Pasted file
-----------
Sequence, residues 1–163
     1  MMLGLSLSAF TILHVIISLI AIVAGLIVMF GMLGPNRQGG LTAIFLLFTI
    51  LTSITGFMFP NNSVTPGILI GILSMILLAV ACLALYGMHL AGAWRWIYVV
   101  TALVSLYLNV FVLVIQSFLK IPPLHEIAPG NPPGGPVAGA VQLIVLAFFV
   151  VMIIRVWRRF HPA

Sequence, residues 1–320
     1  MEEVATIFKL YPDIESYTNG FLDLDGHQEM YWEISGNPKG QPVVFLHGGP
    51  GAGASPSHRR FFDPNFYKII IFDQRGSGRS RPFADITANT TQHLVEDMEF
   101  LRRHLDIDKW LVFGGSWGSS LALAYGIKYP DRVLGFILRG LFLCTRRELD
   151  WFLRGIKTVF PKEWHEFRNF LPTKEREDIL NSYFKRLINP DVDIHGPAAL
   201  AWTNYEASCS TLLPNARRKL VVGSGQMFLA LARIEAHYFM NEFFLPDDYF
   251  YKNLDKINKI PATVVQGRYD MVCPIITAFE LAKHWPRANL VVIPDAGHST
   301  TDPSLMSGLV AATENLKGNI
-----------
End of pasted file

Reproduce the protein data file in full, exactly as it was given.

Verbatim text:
Sequence, residues 1–163
     1  MMLGLSLSAF TILHVIISLI AIVAGLIVMF GMLGPNRQGG LTAIFLLFTI
    51  LTSITGFMFP NNSVTPGILI GILSMILLAV ACLALYGMHL AGAWRWIYVV
   101  TALVSLYLNV FVLVIQSFLK IPPLHEIAPG NPPGGPVAGA VQLIVLAFFV
   151  VMIIRVWRRF HPA

Sequence, residues 1–320
     1  MEEVATIFKL YPDIESYTNG FLDLDGHQEM YWEISGNPKG QPVVFLHGGP
    51  GAGASPSHRR FFDPNFYKII IFDQRGSGRS RPFADITANT TQHLVEDMEF
   101  LRRHLDIDKW LVFGGSWGSS LALAYGIKYP DRVLGFILRG LFLCTRRELD
   151  WFLRGIKTVF PKEWHEFRNF LPTKEREDIL NSYFKRLINP DVDIHGPAAL
   201  AWTNYEASCS TLLPNARRKL VVGSGQMFLA LARIEAHYFM NEFFLPDDYF
   251  YKNLDKINKI PATVVQGRYD MVCPIITAFE LAKHWPRANL VVIPDAGHST
   301  TDPSLMSGLV AATENLKGNI